When a new query is received and handed to the optimizer, it will be optimized in the usual way, including query partitioning and query placement as described in Section 2. In addition to that, the optimizer searches the repository for sequences with this query as the first. If a sequence can be found, the optimizer may (a) reconsider the query partitioning and (b) pass the information about the queries assumed to follow (or even the complete sequence) as hints to the RPU, allowing it to optimize even furtherFootnote 4. The RPU should then try to avoid reconfigurations and thus reduce the execution time of the pushed-down query plans.

5 Execution Model and Optimizations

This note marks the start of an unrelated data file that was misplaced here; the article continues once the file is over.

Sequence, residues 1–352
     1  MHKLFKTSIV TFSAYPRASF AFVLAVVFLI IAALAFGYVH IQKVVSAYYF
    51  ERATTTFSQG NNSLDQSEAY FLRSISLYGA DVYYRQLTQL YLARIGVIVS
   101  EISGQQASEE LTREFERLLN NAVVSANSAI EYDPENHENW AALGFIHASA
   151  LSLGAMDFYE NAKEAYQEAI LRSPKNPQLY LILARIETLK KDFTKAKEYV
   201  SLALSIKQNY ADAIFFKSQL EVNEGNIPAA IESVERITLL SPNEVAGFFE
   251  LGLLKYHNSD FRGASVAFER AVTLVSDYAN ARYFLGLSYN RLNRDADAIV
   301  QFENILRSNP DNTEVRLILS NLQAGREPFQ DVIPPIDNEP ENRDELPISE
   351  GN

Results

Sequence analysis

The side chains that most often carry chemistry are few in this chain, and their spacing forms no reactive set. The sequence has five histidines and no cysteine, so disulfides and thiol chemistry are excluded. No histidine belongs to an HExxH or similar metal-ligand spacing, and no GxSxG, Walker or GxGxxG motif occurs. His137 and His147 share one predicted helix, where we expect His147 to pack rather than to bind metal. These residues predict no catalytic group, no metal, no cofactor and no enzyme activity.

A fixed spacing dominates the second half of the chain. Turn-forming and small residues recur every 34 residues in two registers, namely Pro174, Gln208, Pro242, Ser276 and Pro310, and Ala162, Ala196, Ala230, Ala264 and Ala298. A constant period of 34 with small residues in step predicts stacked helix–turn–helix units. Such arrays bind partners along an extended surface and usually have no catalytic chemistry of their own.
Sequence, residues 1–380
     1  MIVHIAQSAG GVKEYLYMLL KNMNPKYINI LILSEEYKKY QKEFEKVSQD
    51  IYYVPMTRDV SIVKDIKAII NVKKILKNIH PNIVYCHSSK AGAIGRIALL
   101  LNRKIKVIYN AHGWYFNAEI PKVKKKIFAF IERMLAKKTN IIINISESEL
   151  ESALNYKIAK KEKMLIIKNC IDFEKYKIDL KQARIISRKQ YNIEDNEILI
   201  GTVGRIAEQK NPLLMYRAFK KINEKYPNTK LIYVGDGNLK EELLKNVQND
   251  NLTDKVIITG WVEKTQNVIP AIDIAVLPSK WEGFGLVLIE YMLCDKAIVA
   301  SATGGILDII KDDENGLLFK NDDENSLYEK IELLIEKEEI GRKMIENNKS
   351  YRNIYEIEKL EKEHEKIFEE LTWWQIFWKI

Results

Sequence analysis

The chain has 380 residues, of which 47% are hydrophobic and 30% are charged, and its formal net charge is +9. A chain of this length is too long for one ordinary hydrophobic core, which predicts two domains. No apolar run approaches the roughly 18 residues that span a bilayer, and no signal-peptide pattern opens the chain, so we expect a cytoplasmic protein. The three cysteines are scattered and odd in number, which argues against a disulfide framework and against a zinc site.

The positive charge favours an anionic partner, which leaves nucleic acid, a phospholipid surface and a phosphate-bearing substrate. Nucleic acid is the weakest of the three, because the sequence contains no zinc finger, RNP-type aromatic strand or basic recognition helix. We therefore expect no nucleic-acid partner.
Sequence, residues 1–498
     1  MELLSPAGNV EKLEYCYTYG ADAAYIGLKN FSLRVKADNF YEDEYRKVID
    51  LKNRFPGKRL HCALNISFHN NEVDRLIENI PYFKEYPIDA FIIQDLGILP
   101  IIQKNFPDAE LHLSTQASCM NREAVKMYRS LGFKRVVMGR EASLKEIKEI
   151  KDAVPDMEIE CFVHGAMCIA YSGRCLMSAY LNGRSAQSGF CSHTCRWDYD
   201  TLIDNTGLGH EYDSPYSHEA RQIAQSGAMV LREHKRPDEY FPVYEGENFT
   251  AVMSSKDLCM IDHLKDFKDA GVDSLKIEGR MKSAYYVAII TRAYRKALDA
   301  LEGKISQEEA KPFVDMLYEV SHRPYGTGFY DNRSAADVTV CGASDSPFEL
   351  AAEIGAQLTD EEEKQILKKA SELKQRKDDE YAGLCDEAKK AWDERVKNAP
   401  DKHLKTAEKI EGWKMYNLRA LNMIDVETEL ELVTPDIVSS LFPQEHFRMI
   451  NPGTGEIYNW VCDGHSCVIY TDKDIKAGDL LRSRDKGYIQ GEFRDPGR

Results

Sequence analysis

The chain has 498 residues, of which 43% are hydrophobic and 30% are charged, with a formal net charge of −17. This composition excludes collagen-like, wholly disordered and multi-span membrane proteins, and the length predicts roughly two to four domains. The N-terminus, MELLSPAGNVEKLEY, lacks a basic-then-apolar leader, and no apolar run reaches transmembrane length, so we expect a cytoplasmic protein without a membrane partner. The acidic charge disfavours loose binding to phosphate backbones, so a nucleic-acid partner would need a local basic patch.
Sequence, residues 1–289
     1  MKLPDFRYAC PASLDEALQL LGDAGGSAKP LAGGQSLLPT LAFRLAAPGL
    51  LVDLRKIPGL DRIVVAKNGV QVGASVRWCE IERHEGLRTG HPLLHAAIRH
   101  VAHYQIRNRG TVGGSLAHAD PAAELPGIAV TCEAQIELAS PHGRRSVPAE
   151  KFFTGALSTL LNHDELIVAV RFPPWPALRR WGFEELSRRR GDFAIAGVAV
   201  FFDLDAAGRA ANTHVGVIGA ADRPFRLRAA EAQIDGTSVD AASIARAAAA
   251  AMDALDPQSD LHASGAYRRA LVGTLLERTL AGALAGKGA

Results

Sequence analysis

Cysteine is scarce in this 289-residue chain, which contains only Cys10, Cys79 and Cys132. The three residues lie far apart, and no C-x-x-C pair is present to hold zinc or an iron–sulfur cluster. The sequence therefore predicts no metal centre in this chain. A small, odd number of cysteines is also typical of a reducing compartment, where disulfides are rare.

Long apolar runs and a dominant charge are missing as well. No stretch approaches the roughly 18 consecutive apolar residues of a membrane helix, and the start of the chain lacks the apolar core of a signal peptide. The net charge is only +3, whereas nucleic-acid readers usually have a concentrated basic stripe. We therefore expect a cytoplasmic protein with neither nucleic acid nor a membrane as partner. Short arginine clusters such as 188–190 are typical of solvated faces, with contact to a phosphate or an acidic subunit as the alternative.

To focus on the reconfiguration and to keep the model close to the prototype, we consider only a single PR of the RPU. This means that processing phases with dependencies, such as loading and executing an accelerator, are not done in parallel. However, as the RPU uses hardware to implement various functions, it embodies a dedicated circuit for table scans. This allows a table scan to run in parallel with other operations at all times. The target of this model is not to optimize the execution time of a single query, but the time of the whole sequence, that is, the time from the arrival of \(Q_{0}\) until the transfer of the last result of \(Q_{n-1}\), including all time gaps.